In a large laboratory with diverse departments, it can be challenging to strike an appropriate balance between centralized versus decentralized responsibilities for quality-control (QC) functions such as instrument calibration. Process centralization theoretically supports a more standardized approach and can simplify regulatory compliance, while decentralization gives each department an opportunity to maximize quality and efficiency in its particular environment.

Recent changes in the pipette-calibration process at ARUP Laboratories illustrate an instructive case in point. ARUP has switched from a centralized program to a decentralized approach, in which individual departments take full responsibility for all aspects of pipette performance. This change was designed to further enhance the quality and integrity of our clinical test results, and to ensure regulatory compliance, while also enabling us to make more efficient use of our equipment and staff time.

ARUP Laboratories’ Experience with Centralized Pipette QC
For years, ARUP Laboratories satisfied its requirements for pipette calibration with a centralized calibration approach. Because of its comparatively large size, the skills of its staff, and its close functional relationships to other departments, our reagent lab calibrated many of the pipettes used throughout the organization.

 ARUP receives about 26,000 patient samples per day.

While actual pipette calibration was performed via this “centralized service,” each department was still responsible for the cleaning and routine maintenance of its pipettes, as well as for establishing appropriate tolerance limits for the accuracy and precision of each type of pipette used. Each department also determined its own calibration frequency. Our organizational guidelines suggested a quarterly calibration interval for pipettes. Where accuracy and precision were especially critical, pipettes were calibrated more frequently, while pipettes not used for quantitative purposes might be calibrated less often.

From the standpoint of ensuring compliance with our quality-system regulations, the centralized program worked well. As our pipette population grew, however, some unanticipated concerns began to arise. For example, several of the technicians who were performing the bulk of the calibration work began to develop repetitive-motion injuries. This was indicative of the increasing workload that pipette calibration placed on these few individuals.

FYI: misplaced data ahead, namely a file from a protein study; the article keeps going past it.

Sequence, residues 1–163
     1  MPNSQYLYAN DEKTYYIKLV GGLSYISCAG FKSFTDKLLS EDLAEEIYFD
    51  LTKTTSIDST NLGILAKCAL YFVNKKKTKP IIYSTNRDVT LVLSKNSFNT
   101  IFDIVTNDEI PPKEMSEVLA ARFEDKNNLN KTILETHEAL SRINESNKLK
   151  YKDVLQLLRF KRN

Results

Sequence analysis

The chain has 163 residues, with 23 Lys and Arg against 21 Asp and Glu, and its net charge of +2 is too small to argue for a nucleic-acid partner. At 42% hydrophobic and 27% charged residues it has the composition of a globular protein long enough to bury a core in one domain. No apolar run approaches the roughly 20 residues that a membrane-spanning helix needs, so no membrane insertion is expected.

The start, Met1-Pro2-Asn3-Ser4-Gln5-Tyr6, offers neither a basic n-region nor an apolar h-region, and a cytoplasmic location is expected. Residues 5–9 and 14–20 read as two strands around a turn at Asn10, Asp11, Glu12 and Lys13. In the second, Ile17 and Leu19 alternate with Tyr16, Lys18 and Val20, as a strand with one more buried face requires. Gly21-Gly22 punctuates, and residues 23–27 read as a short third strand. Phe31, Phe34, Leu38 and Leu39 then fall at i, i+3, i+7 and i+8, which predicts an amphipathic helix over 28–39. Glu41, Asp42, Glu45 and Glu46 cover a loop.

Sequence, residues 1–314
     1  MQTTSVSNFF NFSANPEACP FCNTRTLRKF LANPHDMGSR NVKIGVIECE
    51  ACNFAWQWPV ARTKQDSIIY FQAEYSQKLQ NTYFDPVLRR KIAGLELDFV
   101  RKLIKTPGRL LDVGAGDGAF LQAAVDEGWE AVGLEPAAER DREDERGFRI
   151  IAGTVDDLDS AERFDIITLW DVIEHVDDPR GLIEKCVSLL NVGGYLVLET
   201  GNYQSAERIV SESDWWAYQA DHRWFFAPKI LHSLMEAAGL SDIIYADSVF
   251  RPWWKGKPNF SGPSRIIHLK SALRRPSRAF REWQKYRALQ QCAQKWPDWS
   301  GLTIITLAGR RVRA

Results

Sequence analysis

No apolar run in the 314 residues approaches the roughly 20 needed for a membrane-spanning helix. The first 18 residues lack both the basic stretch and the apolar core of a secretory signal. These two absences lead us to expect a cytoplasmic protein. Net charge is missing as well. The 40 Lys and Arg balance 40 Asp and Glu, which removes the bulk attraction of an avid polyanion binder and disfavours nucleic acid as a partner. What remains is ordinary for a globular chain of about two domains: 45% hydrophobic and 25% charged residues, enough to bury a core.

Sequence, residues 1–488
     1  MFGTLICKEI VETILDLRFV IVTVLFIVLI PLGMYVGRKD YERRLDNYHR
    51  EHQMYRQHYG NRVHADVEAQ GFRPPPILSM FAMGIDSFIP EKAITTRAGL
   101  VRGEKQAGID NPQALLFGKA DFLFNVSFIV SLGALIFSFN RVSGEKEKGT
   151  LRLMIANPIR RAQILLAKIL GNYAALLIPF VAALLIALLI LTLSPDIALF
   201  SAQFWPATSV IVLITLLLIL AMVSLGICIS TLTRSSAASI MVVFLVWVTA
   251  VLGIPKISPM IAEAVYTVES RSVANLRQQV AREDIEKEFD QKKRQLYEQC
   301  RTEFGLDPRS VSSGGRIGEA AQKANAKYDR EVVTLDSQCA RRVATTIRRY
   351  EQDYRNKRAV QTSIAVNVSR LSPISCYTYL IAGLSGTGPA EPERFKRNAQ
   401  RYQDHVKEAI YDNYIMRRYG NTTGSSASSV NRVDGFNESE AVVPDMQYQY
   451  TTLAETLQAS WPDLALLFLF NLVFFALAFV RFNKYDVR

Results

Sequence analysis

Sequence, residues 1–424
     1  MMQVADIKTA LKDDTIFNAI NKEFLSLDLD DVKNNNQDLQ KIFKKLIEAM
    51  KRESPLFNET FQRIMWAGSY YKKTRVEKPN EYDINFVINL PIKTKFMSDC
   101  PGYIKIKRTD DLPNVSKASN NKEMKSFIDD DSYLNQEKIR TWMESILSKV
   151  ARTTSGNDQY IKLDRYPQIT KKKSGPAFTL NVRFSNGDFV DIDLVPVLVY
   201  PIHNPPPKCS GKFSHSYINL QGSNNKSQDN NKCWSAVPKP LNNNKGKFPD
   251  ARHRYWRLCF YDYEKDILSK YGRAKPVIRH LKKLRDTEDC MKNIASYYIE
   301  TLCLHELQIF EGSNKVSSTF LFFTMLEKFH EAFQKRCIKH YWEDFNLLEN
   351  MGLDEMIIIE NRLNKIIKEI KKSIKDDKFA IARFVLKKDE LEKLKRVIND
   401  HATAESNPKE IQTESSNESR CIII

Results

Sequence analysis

Another problem was an inherently uneven workflow. The number of pipettes to be calibrated invariably peaked near the end of each quarter, because most departments specified a quarterly calibration interval for their pipettes. Despite various attempts to smooth out the schedule, the calibration workload and the turnaround time for calibration inevitably increased from a few days to up to a week during these periods.

But perhaps the most noteworthy side effect of our centralized program was a diminishing degree of attention to the care, cleaning, and routine maintenance of pipettes. It seemed that our collective mindset regarding the ownership of pipettes and the corresponding sense of overall responsibility for them had waned due to the fact that the reagent lab was responsible for the calibrations.

Rethinking Centralized Calibration
In September 2002, ARUP convened a small steering committee to discuss how we currently calibrated our pipettes, and the possible opportunities for improvement offered by making some changes. Managers representing several departments, the reagent laboratory, our technical director of operations, and I, as compliance coordinator, were on hand.

We weighed various alternatives, from outsourcing the pipette QC process to decentralizing it completely. The former would simplify matters, but it had distinct disadvantages. It would be more costly than our current program, would involve longer turaround times than we were used to, and it would take the ability to directly ensure quality out of our hands. Also, outsourcing could not address, and in fact would likely exacerbate, our workflow issues with respect to cleaning, adjustment, and/or recalibration of failed pipettes.

Full decentralization of pipette QC was more appealing from the start because it presented an opportunity to further enhance the quality of the entire process. Our goal was not only to ensure that our pipettes were calibrated, but also to evaluate pipette performance in the same environment and by the same people who use the pipettes each day. In this way we hoped to check the pipettes, the pipette tips, and the pipetting technique of the staff that work with pipettes, all at the same time.

Equipment Decisions
In evaluating our resources and options regarding returning full ownership of pipette QC to individual department laboratories, a key element would be selecting the technology to use in order to implement the program.

Historically, the reagent laboratory, where a large portion of pipette calibrations had been performed, used the ARTEL PCS® pipette-calibration system. The ARTEL PCS uses a dual-dye photometric method to measure the dispensed volume of a pipette automatically. The PCS method is immune to environmental sources of error and was considered ideal for the job of decentralized pipette calibration because environmentally controlled facilities are not required for accurate volume measurements. The PCS is designed for routine benchtop use, and was perceived by our reagent lab staff as fast, accurate, reliable, and cost-efficient. By using the PCS technology and linking the various department laboratories to a central database using ARTEL Pipette Tracker™ software, we could capture the calibration data from each department and archive the calibration data electronically. In addition, we could automatically compare the pipette calibration results to preset tolerance limits that we established together ahead of time so users would obtain an immediate pass/fail status.